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22 Minutes

Even in retirement, I've found I cannot keep up with all the things to do in daily life. Things like housework, yard work, and general maintenance. Just thinking about it makes me want to take a nap. Naps are the best retirement reward but can be misused in avoidance of daily life work. I've become guilty of nap misuse....

My problem in accomplishing anything but naps is all about focus. I cannot seem to finish a task without taking side trips to other tasks. I've tried all kinds of strategies to combat my natural tendency to wander off task. Lists, daily goals, stern self talks, etc.

Last week, I had a brilliant but totally accidental thought. When I take a nap I set a timer on my phone for 25 minutes. It's taken me awhile to find the perfect number. 15 minutes is too short because I feel like I only got about two minutes of actual sleep worrying about falling asleep quickly to get the benefits of a nap. 20 minutes is just right if I add the 5 minutes to adjust for making my brain shut up and my body get in a comfy place. I have studied this whole nap thing like it's some kind of science experiment. I like to get the most out of my naps.

So, there I was last week, standing out in my garden area, looking at how fast I was losing control of the weed situation. Each of the 6 raised beds was growing an amazing amount of weed species and abundance both inside and outside each bed. The raspberry patch was being inundated with a honeysuckle shrubs introduced by years of birds stealing the raspberries and pooping out honeysuckle seeds they'd taken from someone else's yard. The sand cherry hedge looked ragged and needed a haircut. My two fire rings were calling me to fill them up with stuff and have a campfire. I felt hopeless until I remembered my nap strategy.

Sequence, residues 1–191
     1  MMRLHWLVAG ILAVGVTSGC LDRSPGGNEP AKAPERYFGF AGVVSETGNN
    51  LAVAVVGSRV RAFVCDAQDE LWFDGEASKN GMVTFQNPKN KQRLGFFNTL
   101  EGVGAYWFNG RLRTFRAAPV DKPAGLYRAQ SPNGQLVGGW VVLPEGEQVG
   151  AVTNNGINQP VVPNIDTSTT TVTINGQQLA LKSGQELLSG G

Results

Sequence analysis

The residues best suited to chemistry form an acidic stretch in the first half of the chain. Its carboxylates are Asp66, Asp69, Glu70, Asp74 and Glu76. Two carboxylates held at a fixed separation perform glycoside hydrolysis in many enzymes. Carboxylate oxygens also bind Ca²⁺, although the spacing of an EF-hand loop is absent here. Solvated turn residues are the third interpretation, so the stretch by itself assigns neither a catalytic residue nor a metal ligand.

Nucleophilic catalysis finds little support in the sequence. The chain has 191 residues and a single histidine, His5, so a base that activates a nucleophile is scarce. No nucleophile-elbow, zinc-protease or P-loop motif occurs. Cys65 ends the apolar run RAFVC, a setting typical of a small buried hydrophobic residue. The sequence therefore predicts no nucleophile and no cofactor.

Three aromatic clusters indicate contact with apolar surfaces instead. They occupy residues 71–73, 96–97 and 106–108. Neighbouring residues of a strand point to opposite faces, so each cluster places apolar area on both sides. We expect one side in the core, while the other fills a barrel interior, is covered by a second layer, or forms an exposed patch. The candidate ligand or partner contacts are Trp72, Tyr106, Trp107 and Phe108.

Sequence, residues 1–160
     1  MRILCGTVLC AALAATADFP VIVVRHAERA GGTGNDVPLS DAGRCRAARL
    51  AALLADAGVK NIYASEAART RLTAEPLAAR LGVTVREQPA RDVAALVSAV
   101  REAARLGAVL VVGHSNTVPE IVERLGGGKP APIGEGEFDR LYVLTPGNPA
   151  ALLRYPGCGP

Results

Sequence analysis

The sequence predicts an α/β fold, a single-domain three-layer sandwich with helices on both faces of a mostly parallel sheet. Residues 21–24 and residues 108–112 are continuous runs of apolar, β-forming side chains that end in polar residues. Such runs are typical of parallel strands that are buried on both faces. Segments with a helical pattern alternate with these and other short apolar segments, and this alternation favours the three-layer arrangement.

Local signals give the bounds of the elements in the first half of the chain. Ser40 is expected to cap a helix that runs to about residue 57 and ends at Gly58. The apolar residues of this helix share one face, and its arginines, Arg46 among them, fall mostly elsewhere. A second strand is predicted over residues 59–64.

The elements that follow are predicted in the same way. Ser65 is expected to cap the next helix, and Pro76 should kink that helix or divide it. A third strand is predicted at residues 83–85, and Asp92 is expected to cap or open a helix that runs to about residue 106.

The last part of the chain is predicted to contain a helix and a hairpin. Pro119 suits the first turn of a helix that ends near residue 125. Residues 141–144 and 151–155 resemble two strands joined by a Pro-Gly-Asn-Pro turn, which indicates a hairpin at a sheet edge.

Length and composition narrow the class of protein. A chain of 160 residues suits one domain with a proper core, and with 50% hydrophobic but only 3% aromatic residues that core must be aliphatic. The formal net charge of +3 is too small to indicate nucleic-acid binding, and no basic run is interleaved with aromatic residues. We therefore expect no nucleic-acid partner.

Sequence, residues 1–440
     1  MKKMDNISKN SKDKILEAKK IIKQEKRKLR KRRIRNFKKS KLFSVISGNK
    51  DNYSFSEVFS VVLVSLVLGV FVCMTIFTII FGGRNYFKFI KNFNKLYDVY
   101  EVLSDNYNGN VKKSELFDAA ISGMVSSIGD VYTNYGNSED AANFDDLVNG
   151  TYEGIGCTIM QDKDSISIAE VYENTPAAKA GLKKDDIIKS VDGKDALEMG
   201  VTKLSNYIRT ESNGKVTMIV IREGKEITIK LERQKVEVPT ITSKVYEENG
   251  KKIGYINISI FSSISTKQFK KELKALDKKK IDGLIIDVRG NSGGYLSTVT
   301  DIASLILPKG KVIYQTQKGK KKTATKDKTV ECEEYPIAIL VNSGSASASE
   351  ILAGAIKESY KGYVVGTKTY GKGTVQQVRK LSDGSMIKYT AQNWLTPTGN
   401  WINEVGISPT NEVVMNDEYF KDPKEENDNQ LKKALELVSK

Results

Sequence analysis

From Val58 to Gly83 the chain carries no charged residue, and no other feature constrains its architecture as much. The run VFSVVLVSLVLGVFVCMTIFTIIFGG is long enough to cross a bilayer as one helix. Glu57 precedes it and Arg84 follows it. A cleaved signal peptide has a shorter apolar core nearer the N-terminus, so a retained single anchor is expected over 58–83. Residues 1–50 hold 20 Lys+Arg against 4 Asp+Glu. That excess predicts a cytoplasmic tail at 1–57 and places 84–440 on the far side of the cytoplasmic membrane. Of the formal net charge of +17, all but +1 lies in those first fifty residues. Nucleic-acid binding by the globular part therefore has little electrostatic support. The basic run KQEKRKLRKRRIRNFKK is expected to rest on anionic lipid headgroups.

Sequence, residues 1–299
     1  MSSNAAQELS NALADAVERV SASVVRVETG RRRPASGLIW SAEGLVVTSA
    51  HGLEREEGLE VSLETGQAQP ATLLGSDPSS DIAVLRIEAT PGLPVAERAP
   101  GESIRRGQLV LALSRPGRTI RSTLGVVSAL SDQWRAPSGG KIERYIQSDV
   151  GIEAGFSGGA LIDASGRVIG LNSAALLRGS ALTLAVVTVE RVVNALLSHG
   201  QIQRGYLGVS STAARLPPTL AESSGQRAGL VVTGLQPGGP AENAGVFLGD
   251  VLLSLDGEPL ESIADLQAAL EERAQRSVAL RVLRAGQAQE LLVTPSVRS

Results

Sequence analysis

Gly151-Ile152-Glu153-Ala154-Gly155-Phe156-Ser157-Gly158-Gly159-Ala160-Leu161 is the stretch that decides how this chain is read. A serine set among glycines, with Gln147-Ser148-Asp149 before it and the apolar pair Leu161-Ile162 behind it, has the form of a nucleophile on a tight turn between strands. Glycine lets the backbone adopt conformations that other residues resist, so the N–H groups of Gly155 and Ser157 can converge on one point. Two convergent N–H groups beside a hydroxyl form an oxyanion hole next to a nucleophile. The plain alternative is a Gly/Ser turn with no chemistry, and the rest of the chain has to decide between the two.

What if I imposed a 20 minute timer on a whole bunch of small tasks designed to make me feel like I actually accomplished something? How much prep time do I need to get the most out of 20 minutes? I picked 2 minutes and set the timer. I got in one of the raised beds and pushed start. I realized I needed a couple digging tools so I got up and got them without impacting my 20 minutes of focused time. When the timer ended, the whole bed was free of weeds and so were the outsides of it. I moved onto the next one with the same result. Whoa! This focus time is just the ticket!

Tired of the raised beds already, I moved on to the raspberry patch and took a deep breath. In my 2 minutes of prep I had the weed whacker, wheelbarrow and clippers ready for action. When the timer started beeping, I had about a third of the patch cleaned up. Woo hoo!

I've now used the 22 minute timer for inside chores, cleaning out my truck, working on flower beds, and a ton of other things. Did all the work get done in each area in 22 minutes? No, but I sure felt like I made progress and that felt beyond good. When I go back to the areas I've already done a 22 minute thing on, it doesn't feel so daunting.

There's hope for me yet! And the best part, I still get to take naps. Dang, I amaze myself every day! Yay!!!!

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Great blog, but how do you always manage to know my thoughts? I'm horrible at finishing one project b4 starting a new one! Dang good idea with timer but I would need more than 22 minutes to get mine competed. Your yard task, BTW, looks gr8! I do wish I new the meaning of a short nap. My definition of a short nap is at least two hours of sleep. Even that doesn't work because then I stay up later in the evening or should I say wee hours of the morning. Perhaps someday I will master the art of a power nap, but I'm pretty sure it won't be anytime soon!

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